Since 1994 [when Republicans gained control of Congress], we have lost the lead on solar energy. Solar cells first emerged out of Bell Labs, and the most important research and development in the world was done there using American tax dollars. But not today. The Japanese are leading in solar-cell development overwhelmingly, with the Europeans coming in a strong second. We'll produce fewer modules this year than last year. All of these other countries have very strong incentives to develop a technology; here, we have very strong disincentives.

The Healthy Forests Initiative is a beautiful job of positioning, and a terrible policy. Everyone wants to have healthy forests: Environmentalists as much as anyone want to clear up the brush and reduce the probability of forest fires. But do you pay for that with general revenues, or do you hand over vast swaths of already healthy forests for lumber companies to cut (including old growth forests) and use that as a bribe to do forest health cutting elsewhere?

It is issue after issue. It is hard to think of any area of environmental concern that today is not in worse shape than it was before this administration.

Here is a telling anecdote: European farmers are now setting up feedlots [for livestock] in the United States, because our environmental standards are lower than Europe's. Just like American companies would go to Mexico or Asia for lower environmental standards for manufacturing, we ourselves are becoming such a target.

This seems like such a bleak time for environmentalists. Are there places around the country where you can identify positive change, despite the political climate?

If you look at the state level, where initiatives are taking place on issues like climate change and energy, you can make an argument that the three most progressive states in America are California, New York, and Massachusetts. This is counterintuitive, as they all have Republican governors. Governor [Arnold] Schwarzenegger is actually dramatically stronger on these issues than even his predecessor, Gray Davis.

Putting this into historical perspective: Earth Day 1970 took place in an era when the Republican party still contained “Rockefeller Republicans,” folks like Charles Percy and Jacob Javitts, who took progressive positions on a wide array of social issues while maintaining a level of fiscal conservatism. One of these was a man named John Lindsay, who at the time was the mayor of New York. He became deeply involved in Earth Day and enabled us to put together a very large demonstration. Lindsay got the cops to support us, issued us permits in a matter of days, and helped us to find the resources to erect large stages and powerful sound systems.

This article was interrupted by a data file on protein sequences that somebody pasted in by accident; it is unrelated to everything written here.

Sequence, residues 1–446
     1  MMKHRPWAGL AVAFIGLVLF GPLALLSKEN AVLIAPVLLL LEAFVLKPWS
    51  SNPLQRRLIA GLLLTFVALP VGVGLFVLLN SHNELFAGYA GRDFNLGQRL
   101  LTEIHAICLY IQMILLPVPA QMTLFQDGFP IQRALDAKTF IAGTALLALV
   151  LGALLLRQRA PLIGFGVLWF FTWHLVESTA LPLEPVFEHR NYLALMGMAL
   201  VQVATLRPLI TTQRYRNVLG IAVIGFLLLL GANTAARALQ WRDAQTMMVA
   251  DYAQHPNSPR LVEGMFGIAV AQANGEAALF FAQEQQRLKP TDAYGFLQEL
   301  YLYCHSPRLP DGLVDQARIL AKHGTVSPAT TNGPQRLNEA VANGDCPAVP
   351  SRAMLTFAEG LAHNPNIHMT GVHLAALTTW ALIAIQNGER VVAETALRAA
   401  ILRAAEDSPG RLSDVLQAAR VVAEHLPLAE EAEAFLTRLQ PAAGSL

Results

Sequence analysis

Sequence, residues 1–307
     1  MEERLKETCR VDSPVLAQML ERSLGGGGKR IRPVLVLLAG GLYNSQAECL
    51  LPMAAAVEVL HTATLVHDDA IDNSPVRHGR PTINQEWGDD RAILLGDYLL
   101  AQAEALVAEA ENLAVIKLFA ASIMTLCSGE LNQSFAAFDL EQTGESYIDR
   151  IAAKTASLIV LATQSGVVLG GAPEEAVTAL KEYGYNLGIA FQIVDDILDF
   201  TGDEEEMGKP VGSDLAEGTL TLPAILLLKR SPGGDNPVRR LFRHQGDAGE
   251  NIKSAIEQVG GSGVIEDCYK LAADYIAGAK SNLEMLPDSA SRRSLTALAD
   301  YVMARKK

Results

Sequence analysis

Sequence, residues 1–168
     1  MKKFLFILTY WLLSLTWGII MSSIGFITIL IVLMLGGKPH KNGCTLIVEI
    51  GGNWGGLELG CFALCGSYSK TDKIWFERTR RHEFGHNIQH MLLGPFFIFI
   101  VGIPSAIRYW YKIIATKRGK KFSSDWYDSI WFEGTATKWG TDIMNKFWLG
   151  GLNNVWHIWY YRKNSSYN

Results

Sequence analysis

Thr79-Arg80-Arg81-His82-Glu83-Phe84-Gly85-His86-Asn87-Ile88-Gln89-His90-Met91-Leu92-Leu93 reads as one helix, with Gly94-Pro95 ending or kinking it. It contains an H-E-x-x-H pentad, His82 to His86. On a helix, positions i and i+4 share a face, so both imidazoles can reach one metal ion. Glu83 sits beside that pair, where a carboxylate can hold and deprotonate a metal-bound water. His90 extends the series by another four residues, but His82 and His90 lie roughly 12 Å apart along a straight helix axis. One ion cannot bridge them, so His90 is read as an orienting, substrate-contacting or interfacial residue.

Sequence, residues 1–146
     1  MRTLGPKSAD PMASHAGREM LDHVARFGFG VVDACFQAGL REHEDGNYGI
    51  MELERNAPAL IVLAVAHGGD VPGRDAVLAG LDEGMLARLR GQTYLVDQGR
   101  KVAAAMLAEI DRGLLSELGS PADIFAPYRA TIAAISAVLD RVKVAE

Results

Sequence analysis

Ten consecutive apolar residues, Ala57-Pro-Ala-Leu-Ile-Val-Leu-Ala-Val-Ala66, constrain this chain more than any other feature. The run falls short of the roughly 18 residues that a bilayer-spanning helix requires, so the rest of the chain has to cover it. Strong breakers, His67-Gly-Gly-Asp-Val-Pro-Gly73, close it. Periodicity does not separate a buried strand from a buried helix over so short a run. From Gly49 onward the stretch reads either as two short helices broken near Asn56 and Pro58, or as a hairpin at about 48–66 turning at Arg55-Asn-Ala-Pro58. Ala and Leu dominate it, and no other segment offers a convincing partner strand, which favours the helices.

Richard Nixon clearly noticed John Lindsay's participation in Earth Day. He saw that on the left, the likely Democratic nominee, Edmund Muskie, was well-positioned in the Senate to pass clean-air and clean-water legislation. Nixon realized he had to do something on these environmental issues, as he was being pinched from both sides. Consequently, according to John Erlichman [Nixon's domestic council at the time], it was on Earth Day 1970 when Nixon was watching televised demonstrations taking place across the country that he decided to go forward with creating an EPA. He was an anti-environmental president -- he didn't do it out of principle but because he was a skilled politician.

So today, I am actually hopeful when I see Governors Schwarzenegger, [Mitt] Romney, and [George] Pataki being good on environmental issues when President Bush is clearly the worst head of state on the planet in this regard. Bush must be a little worried about the Republican flank -- that has to be an optimistic note.

Ayelish McGarvey is a Prospect writing fellow.